Plant autoflowers in their final growing container in a cup-sized hole in the centre of the soil. Fill the hole with seedling/starter soil with no nutrients and place your seed in it. This way, your seedling can grow without being surrounded by the hot soil, which would otherwise burn it.
For photoperiod plants, start them out in small seedling pots/cups with soil that has little to no nutrients. Replant after a few weeks. More mature plants will tolerate higher nutrient levels much better than seedlings.
STORE-BOUGHT VS HOMEMADE
If you’ve just started growing cannabis, it may be best to simply get ready-made soil from the grow store. The reason for this is that good-quality cannabis soil normally contains everything your plants need for healthy growth, in the optimal ratios. If you want, you can further improve your store-bought soil with a handful of perlite for increased drainage, but otherwise you should be good.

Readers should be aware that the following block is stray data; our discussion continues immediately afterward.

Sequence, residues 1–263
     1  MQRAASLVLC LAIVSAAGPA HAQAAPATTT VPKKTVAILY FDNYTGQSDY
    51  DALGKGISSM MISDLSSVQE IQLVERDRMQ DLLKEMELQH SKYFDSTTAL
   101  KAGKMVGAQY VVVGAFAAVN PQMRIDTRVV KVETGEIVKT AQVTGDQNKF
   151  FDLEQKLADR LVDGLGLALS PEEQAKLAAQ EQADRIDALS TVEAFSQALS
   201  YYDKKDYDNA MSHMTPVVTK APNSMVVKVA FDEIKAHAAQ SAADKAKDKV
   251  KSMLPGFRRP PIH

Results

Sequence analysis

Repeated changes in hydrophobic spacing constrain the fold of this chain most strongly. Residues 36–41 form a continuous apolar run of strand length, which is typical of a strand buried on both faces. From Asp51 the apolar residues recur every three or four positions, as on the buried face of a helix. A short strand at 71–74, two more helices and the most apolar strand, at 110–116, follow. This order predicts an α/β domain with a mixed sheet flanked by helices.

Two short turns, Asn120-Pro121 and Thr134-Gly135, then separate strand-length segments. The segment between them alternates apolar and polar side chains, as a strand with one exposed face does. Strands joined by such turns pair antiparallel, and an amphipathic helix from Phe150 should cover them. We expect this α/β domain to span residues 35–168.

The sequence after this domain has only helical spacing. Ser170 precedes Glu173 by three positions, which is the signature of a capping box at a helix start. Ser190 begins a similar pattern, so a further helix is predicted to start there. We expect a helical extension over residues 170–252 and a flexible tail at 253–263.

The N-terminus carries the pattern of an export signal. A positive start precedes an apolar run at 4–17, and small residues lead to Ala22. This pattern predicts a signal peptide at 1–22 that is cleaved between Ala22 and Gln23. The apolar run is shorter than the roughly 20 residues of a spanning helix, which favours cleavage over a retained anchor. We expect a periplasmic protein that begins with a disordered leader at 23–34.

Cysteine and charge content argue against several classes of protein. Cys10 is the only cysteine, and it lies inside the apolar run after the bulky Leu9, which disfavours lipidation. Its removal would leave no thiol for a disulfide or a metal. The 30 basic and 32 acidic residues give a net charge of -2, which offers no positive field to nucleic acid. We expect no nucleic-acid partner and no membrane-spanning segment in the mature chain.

BASIC CANNABIS SOIL RECIPE
On the other hand, there may come a time when you want to make your own soil. After all, why spend good money on soil if your homemade version is even better? Here is a recipe for a basic homemade cannabis soil.
• 1 part vermiculite
• 1 part coco coir peat
• 2 parts compost
• ½–1 cup worm castings (or humus)
1. Sieve the compost to remove larger chunks.
2. Soak the coco coir peat in warm water. Check the directions of the product to see what kind of volume you will be getting.
3. Use a bucket and mix the coco coir peat with the vermiculite.
4. Add the compost.
Done! Double-check the pH value of your homemade soil. It should be in the range of 5.8–6.3.
The above is a basic soil recipe that will serve you well for most grows, indoors and outdoors. But you can further enhance your soil mix by adding organic fertilisers.